Notably, the CCPA is somewhat less strict. For example, the GDPR requires opt-in consent for any use of personal information. The CCPA, on the other hand, only requires that you make opting out clear and available.
You can find a point-by-point comparison of the CCPA and the GDPR here.
As your e-commerce business prepares for the CCPA, it’s an opportune time to revisit your GDPR compliance. Penalties for violating the GDPR can run even higher than CCPA fines, so compliance with both sets of regulations is an essential risk-avoidance strategy.
How Should E-Commerce Businesses Prepare for the CCPA?
It’s inevitable that e-commerce businesses will compile personal information on their customers. But the first day of 2020 is less than six months away, so there’s still time to get ready for the debut of the California Consumer Privacy Act.
If you haven’t already, your first step should be to read through the law to determine which aspects apply to your business, which regulations you’re prepared for, and which rules you need to prepare for. It may be useful to appoint a “CCPA czar” at your business to coordinate preparations.
Essential steps include:
- Placing a “Do Not Sell My Personal Information” link on your homepage.
- Ensuring you have records of your business’s use of customer personal information going back a year or more.
- Establishing an efficient and compliant procedure for responding to consumer requests for information and deletion requests.
- Making sure all third parties who use or process your customers’ personal information on your behalf are CCPA-compliant.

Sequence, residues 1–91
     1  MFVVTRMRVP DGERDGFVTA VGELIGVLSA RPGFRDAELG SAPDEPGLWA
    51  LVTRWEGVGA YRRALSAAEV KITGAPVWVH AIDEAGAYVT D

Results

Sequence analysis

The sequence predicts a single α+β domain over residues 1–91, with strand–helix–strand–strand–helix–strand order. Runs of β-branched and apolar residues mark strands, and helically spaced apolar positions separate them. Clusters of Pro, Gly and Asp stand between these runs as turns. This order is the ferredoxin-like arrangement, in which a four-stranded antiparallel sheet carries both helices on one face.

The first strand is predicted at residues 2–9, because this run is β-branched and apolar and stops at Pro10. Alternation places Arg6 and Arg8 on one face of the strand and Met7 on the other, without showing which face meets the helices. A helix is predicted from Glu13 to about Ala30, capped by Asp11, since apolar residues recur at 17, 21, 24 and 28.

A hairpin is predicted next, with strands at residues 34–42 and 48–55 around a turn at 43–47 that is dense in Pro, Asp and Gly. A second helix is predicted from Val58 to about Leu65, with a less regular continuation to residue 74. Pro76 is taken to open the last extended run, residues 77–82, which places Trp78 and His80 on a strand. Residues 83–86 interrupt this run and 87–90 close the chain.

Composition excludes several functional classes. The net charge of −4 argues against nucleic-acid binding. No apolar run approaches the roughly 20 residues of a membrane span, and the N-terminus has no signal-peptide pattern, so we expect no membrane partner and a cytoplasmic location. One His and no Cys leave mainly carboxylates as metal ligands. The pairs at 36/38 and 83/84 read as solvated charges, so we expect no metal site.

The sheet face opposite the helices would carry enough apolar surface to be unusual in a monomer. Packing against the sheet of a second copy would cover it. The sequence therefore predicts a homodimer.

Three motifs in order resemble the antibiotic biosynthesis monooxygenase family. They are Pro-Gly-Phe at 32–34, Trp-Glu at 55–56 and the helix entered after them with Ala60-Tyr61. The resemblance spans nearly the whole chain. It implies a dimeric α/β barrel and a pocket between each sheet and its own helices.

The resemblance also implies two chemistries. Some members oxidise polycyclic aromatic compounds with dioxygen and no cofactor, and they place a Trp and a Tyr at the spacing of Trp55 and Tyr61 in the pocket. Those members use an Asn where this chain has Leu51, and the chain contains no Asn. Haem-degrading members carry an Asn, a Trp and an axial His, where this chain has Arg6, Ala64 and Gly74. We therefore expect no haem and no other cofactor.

Additionally, assess the personal information your business collects and deciding what is essential and what is unnecessary. For example, do you really need to know where your customers work? Do you need phone numbers, or are email addresses enough?
If your business buys or sells user information, and if this is not a core element of your revenue stream, you might want to discontinue the practice. While the CCPA does not forbid dealing in personal information, the more information you collect, share, buy, and sell, you may find yourself having to respond more frequently to burdensome information requests.
Alternatively, you can stay under the threshold for CCPA compliance by ensuring you only buy, sell, or share the personal information of fewer than 50,000 consumers per year.
Ultimately, similar to complying with the GDPR, the most efficient approach to CCPA compliance may be to treat all your customers as if they live in California, even if they don’t. Dual levels of privacy – one for California residents and one for everyone else – may get complicated.
ClearSale: Your Privacy and Fraud Protection Partner
The California Consumer Privacy Act exists because of an understandable desire among consumers to maintain control of their personal data. Some consumers are more comfortable than others allowing businesses to store, share, buy, and sell their personal information. But nobody wants their data to fall into the hands of criminals who may use the information to defraud businesses and consumers.
A robust fraud protection solution will help your customers feel safe buying from your business. ClearSale is a global leader in fraud protection, with over 16 years of experience in preventing fraudulent chargebacks and false declines, enabling merchants to accept more orders and increase their revenue.
Contact us today to learn why companies around the world put their trust in ClearSale.